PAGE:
POLICY: Dogs and sores at the Gray Lady, yet again

I thought that the NY Times was getting better, honestly. After all Gina Kolata, a major offender in the dogs licking sores series of last year, did feature Jack Wennberg this summer. But then recently the Times published an op-ed written by a big Pharma PR flack. At least that was an op-ed, even if it should have been on the op-ed pages of the WSJ. Now, we have “economic view” on health care written by Greg Manikw, the former chief Bush economic adviser who appears to be reinventing himself as a Romney flack. Manikw has some interesting ideas about carbon taxes (which of course never saw the light of day while he had any influence in the Administration), but why does the Times “economic view” on health care means regurgitating a bunch of Manhattan Institute talking points?

For that matter, if he’s an economist, why isn’t Manikw making any attempt at balance? And why is the Times letting him get away with this. As I said, it’s not the WSJ.

OK, so what are the points he makes. Standard Manhattan talking point stuff, so let me add the standard talking point answers.

1) While life expectancy and infant mortality rates are worse here
than in other countries but they are not good measures of a health care
system. Yes and somewhat true, but a) conceded by sensible health
economists, and b) these differences are not due to our different
ethnic makeup. (Yes that stuff about us having more teenage mums is
conservative code for us having too many minorities).

Except, that a big study of white English people and white Americans last year showed that richer white Americans had the health status of poorer English people.
That might somehow have some connection to the fact that we also have
worse coordination of care here than in most countries with universal
coverage. And of course part of the reason we have more low birthweight
babies may be that unlike the Brits, the Japanese and the French, we don’t have a comprehensive system of pre-natal care.

And even if it isn’t reflected in the numbers, shouldn’t it be mentioned as a possible cause. There’s plenty of data about it.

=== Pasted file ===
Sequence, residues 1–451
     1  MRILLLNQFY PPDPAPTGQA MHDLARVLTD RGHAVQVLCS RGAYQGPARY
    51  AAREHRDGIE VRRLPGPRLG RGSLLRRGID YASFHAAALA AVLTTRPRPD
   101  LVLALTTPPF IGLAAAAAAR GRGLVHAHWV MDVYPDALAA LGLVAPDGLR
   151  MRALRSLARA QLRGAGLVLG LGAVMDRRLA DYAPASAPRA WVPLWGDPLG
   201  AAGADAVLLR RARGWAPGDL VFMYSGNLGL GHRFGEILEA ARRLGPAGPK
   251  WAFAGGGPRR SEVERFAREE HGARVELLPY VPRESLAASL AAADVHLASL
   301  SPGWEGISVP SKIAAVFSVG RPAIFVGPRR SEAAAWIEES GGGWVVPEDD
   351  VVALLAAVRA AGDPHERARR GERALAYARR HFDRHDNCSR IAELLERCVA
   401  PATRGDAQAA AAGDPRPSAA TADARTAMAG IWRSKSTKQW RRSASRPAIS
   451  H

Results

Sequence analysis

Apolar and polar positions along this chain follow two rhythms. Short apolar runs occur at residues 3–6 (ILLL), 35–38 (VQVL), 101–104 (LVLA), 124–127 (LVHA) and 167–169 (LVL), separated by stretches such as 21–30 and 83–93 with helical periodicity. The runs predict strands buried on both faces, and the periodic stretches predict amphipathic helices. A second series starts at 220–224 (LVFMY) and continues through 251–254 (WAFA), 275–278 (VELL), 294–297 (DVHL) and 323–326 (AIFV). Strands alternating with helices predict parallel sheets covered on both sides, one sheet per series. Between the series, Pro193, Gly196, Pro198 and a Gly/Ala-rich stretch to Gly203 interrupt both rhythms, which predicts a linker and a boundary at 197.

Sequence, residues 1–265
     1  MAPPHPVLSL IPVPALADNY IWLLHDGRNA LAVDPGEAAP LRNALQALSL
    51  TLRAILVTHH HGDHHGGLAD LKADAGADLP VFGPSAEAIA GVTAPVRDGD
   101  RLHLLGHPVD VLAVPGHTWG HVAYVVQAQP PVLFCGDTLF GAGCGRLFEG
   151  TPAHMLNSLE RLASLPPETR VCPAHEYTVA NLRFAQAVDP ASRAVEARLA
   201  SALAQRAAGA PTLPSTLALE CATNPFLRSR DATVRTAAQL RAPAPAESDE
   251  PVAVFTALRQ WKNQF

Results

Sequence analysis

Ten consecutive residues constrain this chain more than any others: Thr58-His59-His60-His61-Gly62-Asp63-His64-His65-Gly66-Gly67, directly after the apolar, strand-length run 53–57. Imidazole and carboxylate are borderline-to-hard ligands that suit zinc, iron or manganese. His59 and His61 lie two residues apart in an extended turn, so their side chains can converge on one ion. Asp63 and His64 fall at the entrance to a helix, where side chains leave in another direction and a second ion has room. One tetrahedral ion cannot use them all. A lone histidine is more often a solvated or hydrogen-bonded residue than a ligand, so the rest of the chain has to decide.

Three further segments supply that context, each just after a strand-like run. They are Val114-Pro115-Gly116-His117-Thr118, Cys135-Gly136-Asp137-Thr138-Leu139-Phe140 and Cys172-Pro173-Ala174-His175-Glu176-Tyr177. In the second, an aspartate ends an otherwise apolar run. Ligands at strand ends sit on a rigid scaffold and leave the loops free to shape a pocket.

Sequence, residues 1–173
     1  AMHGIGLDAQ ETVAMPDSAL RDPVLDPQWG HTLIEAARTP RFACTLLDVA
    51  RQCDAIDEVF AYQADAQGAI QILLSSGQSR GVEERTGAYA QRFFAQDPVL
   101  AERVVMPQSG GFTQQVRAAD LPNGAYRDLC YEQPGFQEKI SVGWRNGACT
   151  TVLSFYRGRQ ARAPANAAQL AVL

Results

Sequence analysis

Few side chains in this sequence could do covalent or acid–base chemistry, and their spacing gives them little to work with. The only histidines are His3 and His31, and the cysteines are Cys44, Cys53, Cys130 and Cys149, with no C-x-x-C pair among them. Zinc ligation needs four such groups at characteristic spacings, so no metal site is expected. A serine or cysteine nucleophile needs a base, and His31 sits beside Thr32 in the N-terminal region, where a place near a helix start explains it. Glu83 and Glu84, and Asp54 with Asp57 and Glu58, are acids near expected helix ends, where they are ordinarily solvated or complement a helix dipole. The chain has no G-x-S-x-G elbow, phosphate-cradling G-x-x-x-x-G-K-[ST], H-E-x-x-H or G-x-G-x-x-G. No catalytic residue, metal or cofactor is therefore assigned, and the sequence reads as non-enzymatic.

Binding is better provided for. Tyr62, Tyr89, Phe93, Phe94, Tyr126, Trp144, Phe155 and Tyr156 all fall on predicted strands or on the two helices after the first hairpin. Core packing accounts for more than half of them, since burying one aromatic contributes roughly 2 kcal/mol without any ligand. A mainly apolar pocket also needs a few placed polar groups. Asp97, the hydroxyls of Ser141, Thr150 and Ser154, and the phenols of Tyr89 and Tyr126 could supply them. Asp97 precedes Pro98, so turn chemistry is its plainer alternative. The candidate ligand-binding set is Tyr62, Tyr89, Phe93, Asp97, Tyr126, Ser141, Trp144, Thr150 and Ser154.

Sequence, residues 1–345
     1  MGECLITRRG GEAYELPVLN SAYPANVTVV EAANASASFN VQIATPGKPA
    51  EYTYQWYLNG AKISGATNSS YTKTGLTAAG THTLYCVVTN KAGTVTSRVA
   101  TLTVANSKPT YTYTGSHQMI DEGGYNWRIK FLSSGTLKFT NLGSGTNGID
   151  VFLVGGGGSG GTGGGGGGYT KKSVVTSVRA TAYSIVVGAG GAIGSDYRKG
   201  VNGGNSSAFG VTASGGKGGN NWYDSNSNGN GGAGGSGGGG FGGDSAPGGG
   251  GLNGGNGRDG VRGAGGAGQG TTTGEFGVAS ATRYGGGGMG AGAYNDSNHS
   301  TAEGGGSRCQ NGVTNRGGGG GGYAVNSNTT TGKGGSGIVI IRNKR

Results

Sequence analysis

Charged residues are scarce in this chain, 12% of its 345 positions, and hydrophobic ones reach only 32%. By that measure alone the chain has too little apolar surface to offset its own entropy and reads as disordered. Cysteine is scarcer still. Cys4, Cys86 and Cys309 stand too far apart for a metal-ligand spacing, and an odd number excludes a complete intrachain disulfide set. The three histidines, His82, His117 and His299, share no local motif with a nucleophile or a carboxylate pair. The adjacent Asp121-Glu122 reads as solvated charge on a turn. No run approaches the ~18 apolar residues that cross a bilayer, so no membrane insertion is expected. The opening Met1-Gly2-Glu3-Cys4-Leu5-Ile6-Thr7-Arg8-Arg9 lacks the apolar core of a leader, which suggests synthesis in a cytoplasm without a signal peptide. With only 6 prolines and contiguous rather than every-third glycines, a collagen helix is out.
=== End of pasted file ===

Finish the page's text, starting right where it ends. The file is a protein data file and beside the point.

2) The uninsured numbers. What’s the unthinking argument?

  • Some people are either offered it at work or are rich and don’t buy insurance—so don’t count them. Except
    if they don’t buy it after being offered it at work they are far more
    likely to have low incomes. And the rich may not be that rich (high
    income families with several people in them) and may not be able to buy
    affordable insurance. Or at least so it says in this months Health Affairs.
  • Some people ought to be on Medicaid, so don’t count them as they’re “uninsured in name only”. Except of course if they did all try to sign up for Medicaid, the states
    would change the limits and dump a bunch of kids out as they did with
    S-CHIP in Florida and a bunch of other states in 2003
    . Perhaps those kids didn’t have names.
  • And some of these people are not even citizens, so they don’t even exist. Except
    a) a whole bunch of them are legal immigrants (I’ll admit to being
    grumpy about this as a former legal immigrant and now citizen) and b)
    most immigrants living here are paying taxes and even the illegals are
    not much of a burden to the system according to Rand. So why shouldn’t they be paying into the pool?

And even if all Manikw’s points have some validity, why is the
counter argument not mentioned? Let alone someone making the minor
point that if you don’t have insurance for whatever reason and you get
seriously ill, your life is financially devasted. A point made eloquently elsewhere in the NY Times yesterday by Bob Herbert.

3) “Health care costs don’t matter because we’re getting richer and
because we want it that way.” I cannot believe that after the reaming
this argument has taken from sensible people it’s allowed to be
repeated in the NY Times again!  No comment other than….aaarrgghhh!!
OK, OK. For the millionth time, this time I’ll quote Tom Leith who made
this argument on THCB in response to the last time the sore licking dog thing happened:

That portion of American health spending that is in excess of
other nations is predominately the result of supply-side market forces
that essentially "up-sell" the consumer. 3-D body scan instead of
X-ray; brand name drug instead of equivalent generic; surgical
procedure over non-surgical treatment with similar long-term outcomes;
disease management instead of health promotion, etc. It is true that
Americans expect heroic measures without an understanding of the costs,
but so much of our expectations are set by providers, particularly
physicians. The "consumer" is spectacularly ill-informed about
best-practices and the industry is far too often unmotivated to find
them because efficiency reduces payments.

So where are the counter-arguments? Apparently the New York Times
either thinks its readers are such geniuses they can validate these
arguments already, or it’s decided to become a mouthpiece for Manhattan
et al. Don’t they already have the WSJ?

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9 replies »

  1. > this time I’ll quote Tom Leith
    Thanks for thinking it was me, but it wasn’t: it was jd. Not that I mightn’t have said it…

  2. tcoyote:
    It may be cash flow, but I tend to think that those folks are behaving pretty rationally in not paying for something they believe to be over-priced when compared to their perceived risk.

  3. 1) Have you ever read a newspaper before? It doesn’t sound like you have. As best I can tell, you are upset that Mankiw does not try to discredit his own valid arguments and that the NYT let him “get away” with that.